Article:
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FAQ Christianity

FAQ Christianity

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Published by Gul Zaib
faq christianity
faq christianity

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Published by: Gul Zaib on Oct 25, 2011
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06/08/2014

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FAQ Christianity
What version of the Bible should I read?
That depends on why you're reading it. If you're interested in reading it because of itsimpact of western literature, you may want to stick to the good old KJV (King JamesVersion). While a more modern translation will be more accessible, based on bettermanuscripts, and updated to match the most recent scholarship, the KJV is the Biblethatbegat English idiomsand it is the Bible your classic authors are most likely toquote.Beyond that, there are two major philosophies when it comes to Bible translation;formalequivalence and dynamic equivalence. Formal equivalence is where the translators try as hard as they can to stick to what thetext actually says--even if that makes things confusing for someone who might notunderstand ancient near-east idioms and culture. Examples of translations that leantowards formal equivalence are: ESV (English Standard Version), NASB (NewAmerican Standard Version), NRSV (New Revised Standard Version).Dynamic equivalence is where the translators care less about giving you the exactwords, but instead try and give you the same idea. The issue with this is you are relyingon the translator to do interpreting for you (more so than usual, translation is inherentlyinterpretation). Examples of translations that lean towards dynamic equivalence: NLT(New Living Translation), God's Word Translation.The NIV (New International Version) and TNIV (Today's New International Version)attempt to combine the two approaches.Then there are paraphrases, like the Message by Eugene Peterson, which are less of atranslation and more of a reflection on the scriptures.
Why is the community policy necessary?
Given that the /r/Christianity community is a smaller community that is often unable toself moderate simply using the voting system, acommunity policywas established tohelp create guidelines for conduct within this subreddit.The need for such as system is best described by /r/atheism memberKni7es, 
Let's say tomorrow we wake up and /r/Christianity suddenly has over a million members, roughly proportional to the 12:1 advantage /r/Atheism has right now. They are now the 800lbs gorilla, and they decide they want to come squat in our subreddit and "debate" the poor misguided atheists. The Christians come in like the tide, flooding our threads and upvoting their own junk to the front page. Our mods are like so many sandcastles trying in vain to block users and moderate discussion, and in their 
 
frustration come down heavy-handed on the e-crusaders from /r/Christianity. Those users then take screencaps and parade about on their home subreddit, inviting more Christians to come and troll the atheists. All we want to do is have a nice safe space for questions and discussions amongst ourselves where we can be who we are for a change, but those damn oppressive Christians just won't leave us alone. Many of our members leave, and many become more firmly entrenched in their anti-theism than ever before.Along comes a couple of redditors on /r/Christianity who can see what's going on, and in the interest of mercy decide to speak out against the cyclical invasions (complete with a relevant quote from scripture, just to drive the point home). But then someone replies...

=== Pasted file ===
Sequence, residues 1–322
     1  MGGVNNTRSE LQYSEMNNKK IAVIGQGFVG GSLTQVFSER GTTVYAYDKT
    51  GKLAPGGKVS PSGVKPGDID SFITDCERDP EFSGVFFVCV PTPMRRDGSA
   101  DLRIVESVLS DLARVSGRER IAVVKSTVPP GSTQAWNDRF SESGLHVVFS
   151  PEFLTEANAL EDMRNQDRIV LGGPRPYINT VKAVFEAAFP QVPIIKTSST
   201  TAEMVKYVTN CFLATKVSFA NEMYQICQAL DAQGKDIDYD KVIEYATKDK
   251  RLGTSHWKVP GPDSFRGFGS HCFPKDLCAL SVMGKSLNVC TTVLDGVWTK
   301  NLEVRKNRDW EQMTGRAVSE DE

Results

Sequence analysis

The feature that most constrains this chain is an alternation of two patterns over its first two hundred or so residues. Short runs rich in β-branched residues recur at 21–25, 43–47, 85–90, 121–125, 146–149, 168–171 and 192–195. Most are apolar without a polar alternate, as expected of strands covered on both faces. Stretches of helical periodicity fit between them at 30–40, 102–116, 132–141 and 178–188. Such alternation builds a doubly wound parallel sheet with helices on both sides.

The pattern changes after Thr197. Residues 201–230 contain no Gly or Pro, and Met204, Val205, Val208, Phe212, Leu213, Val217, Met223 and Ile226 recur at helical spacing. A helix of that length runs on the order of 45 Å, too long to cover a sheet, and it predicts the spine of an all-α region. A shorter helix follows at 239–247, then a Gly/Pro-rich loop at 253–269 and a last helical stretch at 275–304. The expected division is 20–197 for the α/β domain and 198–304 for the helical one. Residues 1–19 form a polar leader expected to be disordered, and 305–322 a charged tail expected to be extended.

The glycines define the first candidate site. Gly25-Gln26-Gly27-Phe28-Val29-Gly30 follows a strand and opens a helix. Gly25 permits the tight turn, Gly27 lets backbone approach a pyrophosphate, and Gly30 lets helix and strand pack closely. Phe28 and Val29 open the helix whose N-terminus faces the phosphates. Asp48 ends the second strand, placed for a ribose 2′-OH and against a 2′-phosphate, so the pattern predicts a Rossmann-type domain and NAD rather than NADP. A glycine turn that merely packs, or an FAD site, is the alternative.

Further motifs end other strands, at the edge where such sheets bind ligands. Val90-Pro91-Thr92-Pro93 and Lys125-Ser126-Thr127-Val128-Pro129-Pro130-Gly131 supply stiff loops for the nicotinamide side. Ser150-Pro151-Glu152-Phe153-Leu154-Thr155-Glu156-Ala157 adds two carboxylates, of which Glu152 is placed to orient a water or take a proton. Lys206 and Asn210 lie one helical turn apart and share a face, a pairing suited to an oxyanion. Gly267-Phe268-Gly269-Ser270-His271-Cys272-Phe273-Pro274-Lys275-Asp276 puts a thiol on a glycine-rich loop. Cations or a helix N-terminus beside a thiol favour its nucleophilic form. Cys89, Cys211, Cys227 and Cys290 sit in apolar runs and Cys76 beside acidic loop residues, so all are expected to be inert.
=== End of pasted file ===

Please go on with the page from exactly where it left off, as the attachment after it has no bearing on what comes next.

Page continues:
"They can start their own little forum, I have all the business in the world to be in any subreddits of my choosing." 
 
And that, my friend, is why.
 
What about LGBT issues?
Some of us Christians here areopen and affirming. A few don't know what to think about the question.A few more are of the opinion that it's a sin, but the way that the church has handled theproblem has been deplorable.And a few of us straight up (pun intended) believe that it's a sin with no caveats.Truth is, the community is so diverse it's difficult to pin down any set beliefs to throw onthe FAQ.To get an idea of r/Christianity's varied opinions on LGBT issues, take a look at thesethreads:
 
 
 
 
 
 
 
 
Have you heard about how Jesus is a derivative of Mithra/Attis/Horus/Dionysus/etc?
Yes. Those claims almost all stem from Acharya S (Dorothy Murdock) and GeraldMassey. The first can only be said to be willfully selling a convenient fiction to movebooks and the latter seems to have been genuinely ignorant. It should also be notedthat there are just as many, if not more, differences between Jesus and these otherancient figures as there are similarities.Seethis pagefor a more thorough discussion of this topic.
The Problem of Evil
Epicurus is credited with writing
"Is God willing to prevent evil, but not able? Then he is not omnipotent. Is he able, but not willing? Then he is malevolent. Is he both able and willing? Then whence cometh evil? Is he neither able nor willing? Then why call him God?" 
How do Christians account for evil?Once again, the answers are wide ranging.Christians have been grappling with theproblem of evil for ages.Answering Epicurus' riddle is called"theodicy." Here are a few previous discussions on the topic:
 
 
 
 
Why do you ignore the Old Testament?
Christians don't ignore the Old Testament (well most don't anyways) but they dounderstand it differently than you do.Like other issues discussed here, the question of the relevancy and interpretation of theOld Testament is answered in different ways by different Christians. In general,Christians don't ignore the Old Testament, but most of us do feel like there arehermeneutical methods to determine when and why it shouldn't be applied literally

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